Tags: sharbat gula | afghan | girl | deported | pakistan

Sharbat Gula, Grown Up 'Afghan Girl,' Deported From Pakistan

Image: Sharbat Gula, Grown Up 'Afghan Girl,' Deported From Pakistan

Sharbat Gula appears at the Presidential palace in Kabul, Afghanistan, on Tuesday, Nov. 9, 2016. A Pakistani government official says National Geographic's famed green-eyed "Afghan Girl" has been deported to Afghanistan. (AP Photo/Rahmat Gul)

By    |   Wednesday, 09 Nov 2016 02:13 PM

Sharbat Gula, the Afghan woman who became famous when she was featured on a 1985 cover of National Geographic magazine, has been deported from Pakistan after she was convicted of holding fake identification papers.

Gula, 44, nicknamed the "Afghan Girl" when she appeared on the magazine at 12, was remembered for her captivating green eyes.

According to BBC News, Gula and her four children were recently handed over to border security after serving a 15-day sentence in a Pakistani hospital where she was treated for hepatitis C. She had pleaded guilty after being arrested in Peshawar on Oct. 23 and fined $1,100.

Gula was welcomed back into Afghanistan, meeting with President Ashraf Ghani, The New York Times reported Wednesday. She was given a government-provided apartment in Kabul, according to Shah Hussain Murtazawi, a presidential spokesman, noted the Times.

Murtazawi said the Afghan government had arranged for Gula's release from prison and return to Afghanistan. The Afghan government has been encouraging Afghans to return home through its policies, noted the newspaper.

Amnesty International, though, issued a statement criticizing Pakistan for deporting her.

"Pakistan's decision to deport Sharbat Gula is a grave injustice," wrote Champa Patel, Amnesty International's South Asia director. "For decades, she was known as the world's most famous refugee and seen as a symbol of Pakistan's status as a generous host.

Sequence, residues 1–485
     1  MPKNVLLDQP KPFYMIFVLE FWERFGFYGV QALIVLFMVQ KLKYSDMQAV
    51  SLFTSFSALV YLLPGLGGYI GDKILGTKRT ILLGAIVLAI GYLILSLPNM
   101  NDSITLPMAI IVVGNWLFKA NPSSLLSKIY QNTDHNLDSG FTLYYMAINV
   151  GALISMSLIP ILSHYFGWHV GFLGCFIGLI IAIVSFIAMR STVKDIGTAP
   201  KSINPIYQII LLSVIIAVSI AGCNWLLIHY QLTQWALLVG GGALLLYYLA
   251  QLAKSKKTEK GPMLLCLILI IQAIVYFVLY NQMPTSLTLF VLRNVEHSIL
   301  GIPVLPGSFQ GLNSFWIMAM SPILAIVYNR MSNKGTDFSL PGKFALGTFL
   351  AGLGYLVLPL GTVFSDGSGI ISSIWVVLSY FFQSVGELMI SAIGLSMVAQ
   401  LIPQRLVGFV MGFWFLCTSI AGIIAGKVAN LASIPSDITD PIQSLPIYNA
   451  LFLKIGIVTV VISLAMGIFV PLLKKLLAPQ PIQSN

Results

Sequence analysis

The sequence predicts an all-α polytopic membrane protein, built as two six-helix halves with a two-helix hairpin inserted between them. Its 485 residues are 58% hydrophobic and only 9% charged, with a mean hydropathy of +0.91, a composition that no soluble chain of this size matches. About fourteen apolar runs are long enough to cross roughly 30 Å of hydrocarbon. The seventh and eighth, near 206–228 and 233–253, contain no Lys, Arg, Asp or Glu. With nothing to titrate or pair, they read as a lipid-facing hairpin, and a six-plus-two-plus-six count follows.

"Now, by sending her back to a country she hasn't seen in a generation and her children have never known, her plight has become emblematic of Pakistan's cruel treatment of Afghan refugees. By forcing Afghan refugees to return across the border into the arms of an increasingly deadly conflict, Pakistan is in breach of the principle of non-refoulement. It is putting the lives of vulnerable people at risk of serious human rights abuses," the statement continued.

National Geographic photographer Steve McCurry, who took the original picture of Gula, tracked her down 18 years later to photograph her as an adult living in Pakistan.

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Sharbat Gula, the Afghan woman who became famous when she was featured on a 1985 cover of National Geographic magazine, has been deported from Pakistan after she was convicted of holding fake identification papers.
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